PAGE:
All high performers have coaches. If Olympic athletes have coaches, doesn’t it make sense that anyone who is ambitious and up to big goals has a coach?
“A coach is someone who can see something that you can’t see, not someone else who is necessarily better than you.” –Tony Robbins
Having a coach doesn’t mean you’re defective; it actually means you are up to having Olympic-quality performance and results in your business.
“You cannot solve problems with the same thinking that created them.” – Albert Einstein
A coach can challenge your views of how you have done things in the past and shift your approach in a way that helps you discover new opportunities and pathways for achieving your goals.
As a coach, I have had many coaches throughout my career, and it has always been a worthy investment. Left to our own devices, we can find ourselves overwhelmed, distracted, and not taking action where it matters most. Having a coach creates accountability and forces you to step beyond what you will do on your own.
Talk to people and see whom you know that works with a coach. Then, talk to a few coaches and find someone that feels like a good fit.
I sure would love to talk to you!
The third C is Community
Did you know the probability of reaching your goals increases by up to 80% when you write them down and have shared your specific goals with another person? Why do you think that is?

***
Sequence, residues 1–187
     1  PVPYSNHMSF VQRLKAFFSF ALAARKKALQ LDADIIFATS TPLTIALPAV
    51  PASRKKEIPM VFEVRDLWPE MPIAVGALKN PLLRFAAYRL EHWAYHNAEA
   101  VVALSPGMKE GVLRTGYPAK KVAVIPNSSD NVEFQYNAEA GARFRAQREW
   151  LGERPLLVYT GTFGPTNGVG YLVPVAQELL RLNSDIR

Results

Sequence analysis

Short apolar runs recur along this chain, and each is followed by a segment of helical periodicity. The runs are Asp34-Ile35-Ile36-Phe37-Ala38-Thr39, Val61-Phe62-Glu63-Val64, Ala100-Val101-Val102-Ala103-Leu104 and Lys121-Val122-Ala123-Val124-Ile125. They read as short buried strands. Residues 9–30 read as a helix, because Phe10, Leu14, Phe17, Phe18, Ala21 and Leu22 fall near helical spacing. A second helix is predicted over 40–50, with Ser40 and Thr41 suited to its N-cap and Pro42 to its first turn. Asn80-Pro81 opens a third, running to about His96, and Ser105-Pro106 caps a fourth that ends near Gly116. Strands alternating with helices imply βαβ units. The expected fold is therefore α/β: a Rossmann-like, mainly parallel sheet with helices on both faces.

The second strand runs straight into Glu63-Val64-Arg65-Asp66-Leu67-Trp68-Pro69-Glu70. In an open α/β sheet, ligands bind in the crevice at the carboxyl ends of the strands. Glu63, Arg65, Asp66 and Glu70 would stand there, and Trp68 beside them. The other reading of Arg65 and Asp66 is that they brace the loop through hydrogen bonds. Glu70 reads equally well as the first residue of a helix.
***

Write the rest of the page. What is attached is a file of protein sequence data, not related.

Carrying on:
One of the reasons that percentage goes up is because when you write down your goals, you are telling your brain that you have decided to commit to that goal. When you tell someone else the specific goal, you further reinforce that goal in your brain. You have now created accountability, which will have you more committed to your daily actions to achieve the specific result.
Another critical aspect of a community is surrounding yourself with people who are just like you. When you surround yourself with like-minded business owners who have ambitious goals and understand what it takes to build a business, you will have a productive sounding board to help you further your business
growth. But if you don’t have an intentional community to support you, you will get terrible advice from people (probably employees) who don’t have a clue about what you are dealing with.